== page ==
Eric Clapton, Unplugged, Reprise, 1992, CD.
Growing up in the late 1960s and 1970s afforded a lot of us the experience of some of the best rock music in history. The Who, The Rolling Stones, Springsteen, the list goes on almost forever. Of course, we also had “Muskrat Love”, so it wasn’t ALL great.
Eric Clapton was a part of this era and has been making music for decades. Unplugged is one of my favorite discs for both relaxing and evaluating speakers. The quality of the recording is astonishing. One can clearly hear (with a good system) the depth of the stage, the amazing guitar work, and the palpable sense of “being there.” When his hand strikes the body of the guitar, one feels it as one would sitting next to the performer.
When he sings his tribute to his son, Conor, it is hard not to get choked up. The sadness of losing a 4-year-old boy is something that, to this father of 3, is overwhelming. How Daddy Clapton managed to do this song speaks to some real courage. He’s hoping to meet Conor in heaven, and I hope he does, too.
Layla is a terrific listen, but this CD is one of those few albums that one takes the time to fit the just over an hour’s listen into the schedule. You don’t need to be a Clapton fan to enjoy this collection. It might even lower your blood pressure. It does mine!
Chopin, Piano Favourites – Idil Biret on Piano, Naxos, 1995, CD
I recently watched a fascinating documentary on Amazon Prime called Searching for Chopin. It made me realize that among all my classical music knowledge, I knew almost nothing about Chopin. That stands to reason as he did not write for bassoon, nor did he write any symphonies. His orchestral works are limited to just two piano concertos.
I was inspired to buy a compilation of his more familiar pieces, so I picked up Chopin Piano Favourites performed by Idil Biret. I was immediately surprised at just how familiar the music was. The funeral march from Piano Sonata No. 2, Op. 35 is something we’ve all heard before and I never realized it had been written by Chopin. Trust me, you’ve heard it.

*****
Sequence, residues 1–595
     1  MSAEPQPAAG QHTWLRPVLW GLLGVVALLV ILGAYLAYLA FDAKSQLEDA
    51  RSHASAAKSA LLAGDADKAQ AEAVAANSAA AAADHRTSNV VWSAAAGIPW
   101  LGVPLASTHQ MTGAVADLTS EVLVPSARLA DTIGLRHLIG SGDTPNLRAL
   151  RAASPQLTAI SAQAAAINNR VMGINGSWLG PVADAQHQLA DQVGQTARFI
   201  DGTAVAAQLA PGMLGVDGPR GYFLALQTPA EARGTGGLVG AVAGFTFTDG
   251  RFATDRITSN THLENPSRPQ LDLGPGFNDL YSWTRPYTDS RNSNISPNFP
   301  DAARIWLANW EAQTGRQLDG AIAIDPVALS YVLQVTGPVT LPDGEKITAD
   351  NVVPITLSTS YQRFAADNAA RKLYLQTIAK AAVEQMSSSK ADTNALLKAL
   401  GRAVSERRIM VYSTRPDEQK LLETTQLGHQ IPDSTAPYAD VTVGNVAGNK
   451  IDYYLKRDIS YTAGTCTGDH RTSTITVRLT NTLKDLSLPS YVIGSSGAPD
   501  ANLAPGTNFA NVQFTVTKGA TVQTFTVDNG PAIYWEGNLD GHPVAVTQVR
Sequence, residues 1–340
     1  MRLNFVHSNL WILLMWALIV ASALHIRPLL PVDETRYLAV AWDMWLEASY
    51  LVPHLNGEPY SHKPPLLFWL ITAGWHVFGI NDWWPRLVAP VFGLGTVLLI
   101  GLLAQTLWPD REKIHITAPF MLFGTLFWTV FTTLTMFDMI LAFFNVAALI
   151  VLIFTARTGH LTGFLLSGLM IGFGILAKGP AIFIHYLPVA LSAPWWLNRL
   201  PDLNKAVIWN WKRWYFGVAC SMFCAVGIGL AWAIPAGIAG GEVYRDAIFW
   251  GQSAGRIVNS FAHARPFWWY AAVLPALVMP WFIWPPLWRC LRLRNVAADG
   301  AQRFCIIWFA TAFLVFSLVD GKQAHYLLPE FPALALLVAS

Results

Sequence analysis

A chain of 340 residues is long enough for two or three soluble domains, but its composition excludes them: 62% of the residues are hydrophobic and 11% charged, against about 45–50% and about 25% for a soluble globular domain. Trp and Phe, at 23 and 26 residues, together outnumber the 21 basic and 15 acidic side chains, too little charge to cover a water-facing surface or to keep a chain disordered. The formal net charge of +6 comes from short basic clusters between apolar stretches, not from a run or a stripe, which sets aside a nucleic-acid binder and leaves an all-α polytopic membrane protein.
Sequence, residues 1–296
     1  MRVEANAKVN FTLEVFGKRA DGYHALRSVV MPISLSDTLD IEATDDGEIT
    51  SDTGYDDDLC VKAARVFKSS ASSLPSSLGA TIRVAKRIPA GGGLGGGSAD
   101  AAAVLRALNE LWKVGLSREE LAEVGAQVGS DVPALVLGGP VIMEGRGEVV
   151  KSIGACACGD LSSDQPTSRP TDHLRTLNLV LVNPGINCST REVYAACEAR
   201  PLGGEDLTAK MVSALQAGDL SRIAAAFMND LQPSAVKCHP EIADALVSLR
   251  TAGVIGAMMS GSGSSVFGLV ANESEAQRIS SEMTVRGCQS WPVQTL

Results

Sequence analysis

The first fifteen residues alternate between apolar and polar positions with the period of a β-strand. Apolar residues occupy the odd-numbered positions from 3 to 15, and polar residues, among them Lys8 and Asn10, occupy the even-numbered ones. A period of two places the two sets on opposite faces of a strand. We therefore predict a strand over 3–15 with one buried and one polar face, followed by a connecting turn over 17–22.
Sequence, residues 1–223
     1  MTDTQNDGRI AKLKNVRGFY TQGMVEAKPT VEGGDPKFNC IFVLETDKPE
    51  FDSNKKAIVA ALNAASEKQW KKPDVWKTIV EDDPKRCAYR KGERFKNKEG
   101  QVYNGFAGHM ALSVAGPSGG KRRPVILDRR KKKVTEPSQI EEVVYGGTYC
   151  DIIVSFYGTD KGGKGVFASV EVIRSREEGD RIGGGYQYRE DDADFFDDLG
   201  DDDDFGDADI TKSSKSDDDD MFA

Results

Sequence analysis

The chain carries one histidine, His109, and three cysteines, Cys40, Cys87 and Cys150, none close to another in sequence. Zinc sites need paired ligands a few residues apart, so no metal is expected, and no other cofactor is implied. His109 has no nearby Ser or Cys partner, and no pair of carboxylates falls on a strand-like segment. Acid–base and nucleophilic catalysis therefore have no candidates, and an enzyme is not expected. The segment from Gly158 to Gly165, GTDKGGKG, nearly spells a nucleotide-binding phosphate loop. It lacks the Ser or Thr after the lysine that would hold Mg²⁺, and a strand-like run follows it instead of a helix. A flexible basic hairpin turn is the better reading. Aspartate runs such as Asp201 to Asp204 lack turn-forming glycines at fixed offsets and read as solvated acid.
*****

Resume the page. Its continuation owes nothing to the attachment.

Biret’s playing is uber precise which is something I really enjoy. She is certainly musical too, but the technique is a real focus for me. Playing at such a high level is extremely difficult and requires a lot of practice. Biret has achieved this more than adequately. As I add to my Chopin collection, I’ll be looking for more recordings from her. The disc’s fidelity is also top-notch. I listened to the album on multiple systems at home and in the car and found each presentation to be clear and detailed. The sound is on the bright side but never harsh or strident. Bass notes are full and present, and the entire mix is beautifully balanced.
Beethoven, The Complete Piano Concertos – Murray Perahia on Piano, Sony Classical, 2007, CD
The search for a series of composer documentaries on Amazon also includes Beethoven, naturally. He, like Chopin, was a piano virtuoso and it shows in the structure, technique, and difficulty of his five concertos. These works are more familiar to me because I’ve played in the orchestra for some of them. And I know how difficult they are to play because some of the soloists I’ve worked with were not quite up to the task.
Murray Perahia is more than up to the task, however. He is one of the most recorded pianists from the twentieth century. This Beethoven set is from 1985-87 and was remastered on CD in 2007. It’s a bit old school in terms of overall feel but Perahia’s playing is equal to anything I’ve heard lately, both live and recorded. This set can be considered a reference for those wishing to experience or study Beethoven’s iconic piano works.